The new healers; Respect and acceptance for alternative medicine grows in the Lehigh Valley.

Marisa McFadden helps heal the hurting. An alternative medicine practitioner, she employs a combination of psychic intuition, energy-work and shaman-like exercises at Creative Spirit, her Easton-based therapy practice, to bring forth each client’s fullest human potential.

“Essentially, my work is a process of “reading” a person’s energy and working to transform it,” she said.

Not too long ago, many of us would have shaken our heads with skepticism at a practice like McFadden’s, but times have changed.  The global alternative medicine market was valued at $82.3 billion in 2020, according to a 2021 report by Grand View Research, a California-based market research firm. And that number is expected to grow by 22% over the next 10

Jen Sinclair, program director at the Cancer Support Community of the Lehigh Valley, an Allentown-based nonprofit, has seen this growth firsthand. Respect for complementary therapies has risen in both patients and traditional physicians in recent years, she said.

“Doctors are referring their patients to alternative therapies now,” Sinclair said, “and patients are more inclined than ever to discuss these options with their doctor.”

Both Lehigh Valley Health Network and St. Luke’s University Health Network often refer cancer patients for alternative therapies at the CSCLV, Sinclair said. The organization offers workshops in meditation, art therapy, nutrition, and gentle movement that can complement traditional oncology treatment.

“It’s integrative more than alternative,” Sinclair said. “It’s not either/or. Patients are employing both in their healing journey.”

In fact, she has seen patients with stage 4 cancer recover with the help of alternative therapy. “Their physicians have said, ‘I’m not sure what you are doing right, but keep doing it,” she said.

Creative Spirit’s McFadden doesn’t try to manage those who doubt the scientific validity of her practice. “I don’t and I can’t” she said. “Ultimately, the only proof I can offer is the testimony of my clients whose lives I’m proud to have helped in profound ways. “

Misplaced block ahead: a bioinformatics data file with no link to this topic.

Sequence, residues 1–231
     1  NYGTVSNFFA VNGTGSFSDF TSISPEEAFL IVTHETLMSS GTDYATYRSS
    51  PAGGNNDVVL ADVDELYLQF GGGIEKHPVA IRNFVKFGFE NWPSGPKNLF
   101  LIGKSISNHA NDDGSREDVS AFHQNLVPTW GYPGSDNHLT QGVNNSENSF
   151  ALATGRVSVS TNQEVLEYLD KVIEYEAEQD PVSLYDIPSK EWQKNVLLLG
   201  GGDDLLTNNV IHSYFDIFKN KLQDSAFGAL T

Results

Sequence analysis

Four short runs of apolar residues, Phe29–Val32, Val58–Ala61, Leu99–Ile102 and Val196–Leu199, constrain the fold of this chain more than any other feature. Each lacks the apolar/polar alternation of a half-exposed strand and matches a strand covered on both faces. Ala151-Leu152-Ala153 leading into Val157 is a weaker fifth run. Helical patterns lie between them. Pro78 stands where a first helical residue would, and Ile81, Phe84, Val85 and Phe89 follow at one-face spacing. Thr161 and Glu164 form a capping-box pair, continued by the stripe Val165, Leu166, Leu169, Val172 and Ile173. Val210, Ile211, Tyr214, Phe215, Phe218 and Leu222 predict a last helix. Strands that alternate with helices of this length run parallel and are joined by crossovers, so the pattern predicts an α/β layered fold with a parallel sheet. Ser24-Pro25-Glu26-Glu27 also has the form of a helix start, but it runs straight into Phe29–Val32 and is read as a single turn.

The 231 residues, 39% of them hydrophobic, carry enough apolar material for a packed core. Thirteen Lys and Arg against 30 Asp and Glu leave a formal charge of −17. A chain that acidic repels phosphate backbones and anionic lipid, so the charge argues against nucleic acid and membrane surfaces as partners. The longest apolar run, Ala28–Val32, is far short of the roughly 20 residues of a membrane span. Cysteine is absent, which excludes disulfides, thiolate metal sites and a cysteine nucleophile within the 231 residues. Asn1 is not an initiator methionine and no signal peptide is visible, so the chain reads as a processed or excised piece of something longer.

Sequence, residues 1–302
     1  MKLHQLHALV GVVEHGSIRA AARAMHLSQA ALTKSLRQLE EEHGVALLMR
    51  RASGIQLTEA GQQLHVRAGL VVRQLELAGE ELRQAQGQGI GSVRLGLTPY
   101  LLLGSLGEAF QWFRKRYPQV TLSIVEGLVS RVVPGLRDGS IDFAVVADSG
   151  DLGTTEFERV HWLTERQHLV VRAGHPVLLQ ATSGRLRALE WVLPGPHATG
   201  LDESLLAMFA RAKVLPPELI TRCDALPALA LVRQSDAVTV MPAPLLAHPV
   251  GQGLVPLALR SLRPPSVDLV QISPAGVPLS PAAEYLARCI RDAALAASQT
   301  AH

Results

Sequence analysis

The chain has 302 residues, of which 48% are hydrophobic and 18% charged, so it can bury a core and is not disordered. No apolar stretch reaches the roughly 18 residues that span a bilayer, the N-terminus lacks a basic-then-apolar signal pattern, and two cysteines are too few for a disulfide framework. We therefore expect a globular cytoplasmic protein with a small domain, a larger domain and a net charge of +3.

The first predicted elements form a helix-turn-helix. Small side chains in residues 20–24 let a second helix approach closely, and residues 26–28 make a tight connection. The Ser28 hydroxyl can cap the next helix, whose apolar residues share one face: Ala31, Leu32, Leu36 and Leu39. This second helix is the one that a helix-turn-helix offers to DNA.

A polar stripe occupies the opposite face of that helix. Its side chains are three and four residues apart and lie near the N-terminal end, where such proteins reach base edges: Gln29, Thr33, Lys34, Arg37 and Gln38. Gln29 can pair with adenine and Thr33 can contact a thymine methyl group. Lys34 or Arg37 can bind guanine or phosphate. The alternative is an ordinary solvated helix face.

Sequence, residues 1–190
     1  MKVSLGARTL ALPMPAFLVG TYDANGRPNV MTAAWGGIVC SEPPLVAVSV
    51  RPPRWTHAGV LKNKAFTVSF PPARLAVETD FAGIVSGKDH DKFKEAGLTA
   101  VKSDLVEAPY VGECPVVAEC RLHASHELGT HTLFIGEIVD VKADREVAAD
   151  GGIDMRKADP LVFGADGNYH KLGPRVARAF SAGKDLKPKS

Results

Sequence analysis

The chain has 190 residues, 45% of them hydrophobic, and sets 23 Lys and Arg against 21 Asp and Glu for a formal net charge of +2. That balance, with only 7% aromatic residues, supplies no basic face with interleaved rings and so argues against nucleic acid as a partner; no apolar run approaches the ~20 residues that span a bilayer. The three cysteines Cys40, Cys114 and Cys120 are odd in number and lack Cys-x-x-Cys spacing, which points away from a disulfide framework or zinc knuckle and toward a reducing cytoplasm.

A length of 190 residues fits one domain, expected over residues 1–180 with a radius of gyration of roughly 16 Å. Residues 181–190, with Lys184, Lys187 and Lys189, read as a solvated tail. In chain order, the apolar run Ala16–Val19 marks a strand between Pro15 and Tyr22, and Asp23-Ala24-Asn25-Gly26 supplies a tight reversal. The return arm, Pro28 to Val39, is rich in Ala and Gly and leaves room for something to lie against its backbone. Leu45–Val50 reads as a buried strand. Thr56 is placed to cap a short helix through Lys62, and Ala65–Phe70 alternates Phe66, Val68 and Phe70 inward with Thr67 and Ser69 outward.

One of her clients, a young man who struggled to connect with his family, found a new peace with himself and his parents and siblings after several sessions, she said. “We were able to transform his family from a quiet one who lost the ability and will to interact, into one that spent time digging into their genealogy, traveling together and creating a future that is loving and harmonious.”

McFadden credits her clients with doing the work of collaborating with her on their own inner journey. ‘I’m so honored to have been a conduit for the healing energy that transpires within them,” she said.

Stephani-lila Murdoch is an Easton-based alternative medicine practitioner who has been working as a certified Trager therapist for decades, and is now training others in the practice.

The Trager approach uses gentle, non-intrusive hands-on table work and self-care movements to relieve pain and increase mobility and inner peace, she said.

“I have seen great improvement with those who have had concussions,” she said, “as well as TMJ, migraines, hip and knee replacements, and those who may just want to go deeper into a relaxed feeling of fluidity within their bodies.”

That meditative experience is part of what draws patients to the alternative practice of Reiki, too, according to Michelle Zenie, an Allentown-based certified Reiki master. Reiki is a Japanese word meaning universal life energy. This ancient Japanese “energy work” involves a practitioner moving around the client’s body, Zenie said, and adjusting their hands’ positions as they go.  Attention is given to the seven chakras or energy centers throughout the body.

“The patient may feel nothing but many report feeling warmth, tingling or pulsing,” she said. “Some see colors during the session or feel strong emotions. Most people feel a sense of relaxation and peacefulness.”

Patients with chronic headaches, joint pain, digestive and reproductive issues, and depression and anxiety have all reported some relief after her sessions, Zenie said.

“But you truly must be open to the idea that it can work for it to work,” she said. “If that is not the case, then it is simply not the right tool for you.”

For Zenie, Murdoch, and McFadden, mainstream western medicine’s surgery, medication and acute care all have their place if needed. Complementary modalities like reiki and Trager are additional tools that can be integrated into our wellness regime, they say.

Too often people look to alternative medicine when all else fails, McFadden said. When a cancer patient has run out of options or a mother is at a loss for how to help her child, they will find their way to an alternative medicine practitioner.

“What they very often find though is that healing is not just about restoring our bodies to their prime conditions and keeping illness at bay,” she said. “Instead, it is about helping the mind and the spirit thrive in the face of fear and uncertainty.”

“Healing,” she said, “is about the restoration of hope and possibility.”